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How long the growth phase lasts is not a simple question to answer. Autoflowering cannabis varieties move automatically on to the flowering stage within 2 or 3 weeks. Regular or feminised varieties only start flowering once the days become shorter (outdoor cultivation) or the grower reduces the lighting period to 12 hours (indoor cultivation).

How to germinate cannabis seeds

So, you’ve decided to grow your own cannabis plants. You purchased a pack of seeds, assembled cultivation materials, cleared a space in your garden, and are ready to grow your first cannabis crop . With everything in hand, it’s time to begin the very first step of cannabis cultivation : germinating seeds.

What is germination?

Germination is the first stage of the cannabis growth cycle : the process that brings a cannabis seed out of its hibernation period and starts the cannabis growth process. After all, seeds in a bag don’t spontaneously start developing roots. Also known as “popping” seeds, seed germination begins when a seed receives environmental cues letting it know the setting is perfect to start growth.

Germination is the process that brings a cannabis seed out of its hibernation period and starts the cannabis growth process. Photo by: Gina Coleman/Weedmaps

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When a seed enters an environment with enough moisture, it will increase in size and slowly break out of its shell. A seedling or germ forms from which roots will emerge, helping the baby plant absorb nutrients from the soil. Seeds naturally develop roots facing down and stems stretching upward, allowing the young cannabis plant to simultaneously feed off light and earth.

It’s essential to acquire high-quality cannabis seeds for germination, as these will go on to become high-quality cannabis plants. Seeds that are fresh-feeling or too green indicate that they haven’t reached full maturity, while pale-green, white, or very dark cannabis seeds may have trouble sprouting. However, it’s tricky to know the outcome of a popped seed, so trying may be worthwhile. If you’re not ready to pop your seeds yet, store them in a dark, cool place until it’s time for germination.

Preparing to germinate cannabis seeds

Germination itself is a crucial aspect of cannabis cultivation. The seed germination process is the foundation of every marijuana plant, and steps can be taken to boost successful popping. For example, some cultivators improve germination attempts by soaking seeds in 1% hydrogen peroxide or a compost tea for 12 hours beforehand to kill any dangerous pests.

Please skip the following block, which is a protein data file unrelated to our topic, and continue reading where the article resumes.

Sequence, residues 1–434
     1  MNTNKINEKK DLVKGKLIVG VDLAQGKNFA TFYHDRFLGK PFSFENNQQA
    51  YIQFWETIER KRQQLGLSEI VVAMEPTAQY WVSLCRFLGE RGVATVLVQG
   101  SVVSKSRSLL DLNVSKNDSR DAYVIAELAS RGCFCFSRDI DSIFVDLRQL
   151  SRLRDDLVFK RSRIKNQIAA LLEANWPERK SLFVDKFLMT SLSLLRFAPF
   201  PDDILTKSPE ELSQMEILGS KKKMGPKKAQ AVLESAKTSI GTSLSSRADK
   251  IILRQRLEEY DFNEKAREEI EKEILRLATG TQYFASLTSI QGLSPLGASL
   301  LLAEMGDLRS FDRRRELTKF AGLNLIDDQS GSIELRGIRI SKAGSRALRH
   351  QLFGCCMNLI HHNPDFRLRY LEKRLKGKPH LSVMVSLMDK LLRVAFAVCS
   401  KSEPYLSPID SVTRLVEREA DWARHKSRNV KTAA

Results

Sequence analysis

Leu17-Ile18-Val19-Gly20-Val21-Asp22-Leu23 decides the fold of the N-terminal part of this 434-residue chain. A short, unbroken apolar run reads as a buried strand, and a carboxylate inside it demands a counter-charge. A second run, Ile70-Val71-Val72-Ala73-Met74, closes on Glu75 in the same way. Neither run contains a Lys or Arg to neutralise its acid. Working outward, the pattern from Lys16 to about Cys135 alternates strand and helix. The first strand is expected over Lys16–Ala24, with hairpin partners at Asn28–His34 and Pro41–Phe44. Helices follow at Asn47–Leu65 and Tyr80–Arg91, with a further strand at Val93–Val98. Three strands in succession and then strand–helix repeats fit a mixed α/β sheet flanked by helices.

The environment in which seeds germinate also plays a role in the outcome. While there are several different germination methods, each requires proper moisture, minimal handling, and warm springtime temperatures between 68-72 degrees Fahrenheit.

How to germinate cannabis seeds

The best germination method depends on the cultivator’s choice. Here are some of the most common ways to pop your cannabis seeds.

How to germinate seeds in soil

Soil is an easy, more natural method with which to germinate your cannabis seeds. The soil protects the fragile roots from any interference, and soil is, after all, where a cannabis plant would grow in the wild.

Soil is an easy, more natural method with which to germinate your cannabis seeds because the soil protects the fragile roots from any interference. Photo by: Gina Coleman/Weedmaps

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First, make sure you use the correct type of soil, either gently fertilized potting soil or a seed starter with a pH level of approximately six (6). The soil contains the right acidity and enough nutrients to strengthen your young cannabis plants for the first two weeks. Be careful not to add more nutrients, or you risk overfeeding and killing your seeds.

Place the soil in a small pot and use your finger or a pencil to push a small hole in the dirt, a bit more than half an inch deep. Insert the seed into the hole and bury it with soil. From this point on, don’t touch your seed. The young plant is fragile and knows how to position itself in the soil bed.

Gently water the soil with a spray bottle and situate your pots under a fluorescent lamp. Keep seeds away from the windowsill, as the temperature is too volatile for germination. In general, you’ll want to keep the temperature in the range of 70 to 80 degrees Fahrenheit.

Monitor your soil every day and keep it moist. Within four to seven days, you should see tiny stems sprouting from the soil.

When the seedling stems reach two to four inches in height, it’s time to transplant your cannabis into larger pots with more room for roots to spread down and out. After you’ve done this, you’ve successfully germinated your cannabis seeds into proper, young plants.

How to germinate seeds in water